Below is Steve Rainwater’s response to a few questions about the start of the Dallas Maker Space provided in March of 2017.
>> Q1 When roughly did DPRG move into and out of the facility (“the warehouse”) that was provided by Mike Dodson?
The photos in the DPRG warehouse photo gallery are chronological and provide a pretty good visual history of the place. 28 July 2009 was our last official day in the warehouse. Doug Emes and I were the last two out the door. He locked it for the last time and I shot the photo:
>> Q2: Who were the main participants in getting the maker space project going?
Ed and I did most of the initial brainstorming in the months leading up to the announcement in 2010, but shortly after that the DPRG formed the makerspace steering committee and the group doing the work expanded. Ed was DPRG president at the time. He made the first official announcement in Jan 2010 on the list:
The first makerspace meeting was held in Feb 2010 and you can follow the meeting notes here to figure out who was involved from that point on:
The DPRG makerspace steering committee consisted of DPRG members and DMS members. They were responsible for most of the hard work of getting DMS booted up during 2010. I think it was Alyssa Pipe, Eric Chaney, Peter Smith, Mark Havens, Andrew LeCodey, Paul Wilson, Steve Rainwater, and Ed Paradis. Most of them are in this pic I think:
After the spin off, the first DMS board of directors took over from the DPRG makerspace steering committee in 2011, and the steering committee disbanded. Due to some internal politics, there was a little tension between the two organizations and it was decided not to have any DPRG members on the DMS board of directors, so I was out at that point, sticking with the DPRG and I think Alyssa temporarily dropped DPRG membership and joined the DMS board (I think that’s right but my memory gets hazy at the point I dropped out of active participation with the DMS board).
>> Q3: My understanding is that the idea grew from DPRG losing its meeting space. Is this true?
My version of the story (there may be others?) is that the famous lightening strike on the warehouse in 2007 was the event that snowballed into the makerspace. For those who weren’t around then, we’d been enjoying the warehouse for a few years, things were rolling along really well, RBNOs were bigger than ever, we even held a couple of RoboRamas at the warehouse. One day there was a massive lightening strike that vaporized the electric meter and power lines to the warehouse. Pics here of course:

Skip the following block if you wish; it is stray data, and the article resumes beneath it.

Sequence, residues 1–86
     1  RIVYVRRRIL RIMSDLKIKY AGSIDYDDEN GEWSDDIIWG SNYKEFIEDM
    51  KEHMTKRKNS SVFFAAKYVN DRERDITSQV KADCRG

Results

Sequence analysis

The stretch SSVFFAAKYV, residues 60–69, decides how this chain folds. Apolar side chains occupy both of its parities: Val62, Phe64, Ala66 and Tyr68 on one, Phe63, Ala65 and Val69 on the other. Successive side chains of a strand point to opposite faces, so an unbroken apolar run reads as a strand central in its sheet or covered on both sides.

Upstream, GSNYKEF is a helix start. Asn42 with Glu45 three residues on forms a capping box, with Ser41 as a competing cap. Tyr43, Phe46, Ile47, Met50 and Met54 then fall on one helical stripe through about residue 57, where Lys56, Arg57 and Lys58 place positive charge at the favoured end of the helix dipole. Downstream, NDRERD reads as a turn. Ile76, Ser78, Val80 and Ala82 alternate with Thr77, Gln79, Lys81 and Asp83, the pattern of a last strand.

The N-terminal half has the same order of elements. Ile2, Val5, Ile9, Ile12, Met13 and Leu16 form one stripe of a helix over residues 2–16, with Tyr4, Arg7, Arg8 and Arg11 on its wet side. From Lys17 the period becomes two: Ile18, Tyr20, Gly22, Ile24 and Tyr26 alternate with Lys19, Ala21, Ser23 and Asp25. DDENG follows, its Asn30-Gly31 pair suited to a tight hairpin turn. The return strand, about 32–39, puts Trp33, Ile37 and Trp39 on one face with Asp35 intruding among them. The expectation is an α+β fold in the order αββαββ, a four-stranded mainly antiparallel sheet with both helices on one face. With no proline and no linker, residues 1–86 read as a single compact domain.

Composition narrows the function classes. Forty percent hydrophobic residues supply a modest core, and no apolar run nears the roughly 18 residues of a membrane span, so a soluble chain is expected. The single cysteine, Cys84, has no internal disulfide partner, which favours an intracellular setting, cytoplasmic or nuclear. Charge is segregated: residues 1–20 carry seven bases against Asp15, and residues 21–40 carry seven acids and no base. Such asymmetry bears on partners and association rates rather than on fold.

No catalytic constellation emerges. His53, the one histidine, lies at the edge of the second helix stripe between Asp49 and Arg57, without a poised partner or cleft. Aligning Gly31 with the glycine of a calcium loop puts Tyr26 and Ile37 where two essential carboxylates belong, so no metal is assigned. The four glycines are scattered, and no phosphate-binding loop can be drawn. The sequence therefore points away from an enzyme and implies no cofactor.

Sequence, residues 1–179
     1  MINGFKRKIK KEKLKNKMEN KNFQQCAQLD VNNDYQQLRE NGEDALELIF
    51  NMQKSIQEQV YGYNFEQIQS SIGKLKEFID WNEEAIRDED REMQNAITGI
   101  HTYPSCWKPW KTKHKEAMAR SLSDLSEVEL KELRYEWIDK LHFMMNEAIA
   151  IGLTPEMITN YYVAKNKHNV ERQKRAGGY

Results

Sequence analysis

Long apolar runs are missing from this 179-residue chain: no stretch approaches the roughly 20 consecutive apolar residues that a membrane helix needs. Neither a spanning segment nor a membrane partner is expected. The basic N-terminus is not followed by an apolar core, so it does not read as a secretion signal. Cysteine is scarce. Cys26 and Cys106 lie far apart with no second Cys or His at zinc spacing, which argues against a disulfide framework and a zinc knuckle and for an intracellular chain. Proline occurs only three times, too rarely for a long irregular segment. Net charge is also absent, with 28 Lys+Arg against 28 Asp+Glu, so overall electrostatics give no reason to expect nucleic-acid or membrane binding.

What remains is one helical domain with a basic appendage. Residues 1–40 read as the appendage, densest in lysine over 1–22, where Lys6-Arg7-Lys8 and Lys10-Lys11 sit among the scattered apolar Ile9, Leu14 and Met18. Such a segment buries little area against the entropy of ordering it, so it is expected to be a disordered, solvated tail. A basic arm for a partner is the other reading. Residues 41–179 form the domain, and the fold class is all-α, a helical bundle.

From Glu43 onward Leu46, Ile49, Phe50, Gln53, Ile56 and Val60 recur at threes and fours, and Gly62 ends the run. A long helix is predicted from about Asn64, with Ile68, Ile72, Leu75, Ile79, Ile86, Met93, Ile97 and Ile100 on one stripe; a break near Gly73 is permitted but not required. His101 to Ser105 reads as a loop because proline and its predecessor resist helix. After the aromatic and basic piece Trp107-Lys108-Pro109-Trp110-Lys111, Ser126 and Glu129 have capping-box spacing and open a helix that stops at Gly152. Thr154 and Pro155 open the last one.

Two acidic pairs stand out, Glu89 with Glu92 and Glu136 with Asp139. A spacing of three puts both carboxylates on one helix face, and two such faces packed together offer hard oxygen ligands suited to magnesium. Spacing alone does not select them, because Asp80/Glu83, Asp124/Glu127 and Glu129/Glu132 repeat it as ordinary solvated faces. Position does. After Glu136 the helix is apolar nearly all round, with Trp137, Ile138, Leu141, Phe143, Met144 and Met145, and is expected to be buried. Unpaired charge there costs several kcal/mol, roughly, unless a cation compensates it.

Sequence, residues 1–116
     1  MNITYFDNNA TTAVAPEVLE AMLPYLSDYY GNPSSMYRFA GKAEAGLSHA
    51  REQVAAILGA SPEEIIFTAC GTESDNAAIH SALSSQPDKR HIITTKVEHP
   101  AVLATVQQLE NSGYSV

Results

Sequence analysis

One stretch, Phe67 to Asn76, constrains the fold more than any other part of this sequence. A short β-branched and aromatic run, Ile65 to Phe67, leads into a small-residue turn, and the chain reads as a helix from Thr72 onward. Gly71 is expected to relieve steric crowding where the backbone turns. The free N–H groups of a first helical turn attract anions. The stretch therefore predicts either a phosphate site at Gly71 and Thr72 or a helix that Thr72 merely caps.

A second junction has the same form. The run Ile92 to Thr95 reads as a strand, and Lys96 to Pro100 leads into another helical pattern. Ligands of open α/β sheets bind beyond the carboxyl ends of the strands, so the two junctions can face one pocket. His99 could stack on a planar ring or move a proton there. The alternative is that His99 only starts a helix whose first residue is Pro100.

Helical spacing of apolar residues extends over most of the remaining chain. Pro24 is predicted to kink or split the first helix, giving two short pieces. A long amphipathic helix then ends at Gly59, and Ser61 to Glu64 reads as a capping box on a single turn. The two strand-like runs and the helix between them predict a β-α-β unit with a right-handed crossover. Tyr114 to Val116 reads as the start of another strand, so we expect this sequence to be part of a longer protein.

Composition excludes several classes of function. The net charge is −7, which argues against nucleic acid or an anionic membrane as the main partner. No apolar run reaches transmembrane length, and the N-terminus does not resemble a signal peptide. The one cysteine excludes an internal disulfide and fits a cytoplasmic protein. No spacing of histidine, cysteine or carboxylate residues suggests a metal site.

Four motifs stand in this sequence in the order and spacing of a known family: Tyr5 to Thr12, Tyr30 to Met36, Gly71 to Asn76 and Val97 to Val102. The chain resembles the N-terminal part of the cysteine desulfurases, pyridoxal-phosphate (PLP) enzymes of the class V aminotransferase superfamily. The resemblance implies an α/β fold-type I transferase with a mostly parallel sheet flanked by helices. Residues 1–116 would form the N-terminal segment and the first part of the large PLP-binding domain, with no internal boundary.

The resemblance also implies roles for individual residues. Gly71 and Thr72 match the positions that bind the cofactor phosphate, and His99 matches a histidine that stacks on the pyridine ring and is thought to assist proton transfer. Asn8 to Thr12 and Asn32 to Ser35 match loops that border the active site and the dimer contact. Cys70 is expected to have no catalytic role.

Immediately following the lighting strike, several of us were at the warehouse assessing the damage and thinking we’d have to cancel the next RBNO. There was no power, so we ended up sitting in the pitch black interior, drinking a few beers and getting a bit philosophical about the future. Doug Emes was there. Ed Paradis was there. I was there. Maybe a couple of others? We talked about how important the warehouse had become to the group dynamic of the DPRG. We knew Mike Dodson was going to retire eventually and we’d lose the warehouse. And we talked about the need to find a long term solution for providing the DPRG with a similar space.
Nothing came of it that night but it’s really the point at which Ed and I started casting around for a way to do it. The next year, we went to the 2008 Maker Faire in Austin, TX. That’s when full impact of the growing maker movement hit us and by the time the 2009 Austin Maker Faire rolled around, we were talking about the possibility of the DPRG either becoming a hackerspace or spinning one off in a way that would allow the DPRG to be some kind of satellite org that could use their space. When we finally lost the warehouse that year, it provided the final kick we needed to set things in motion.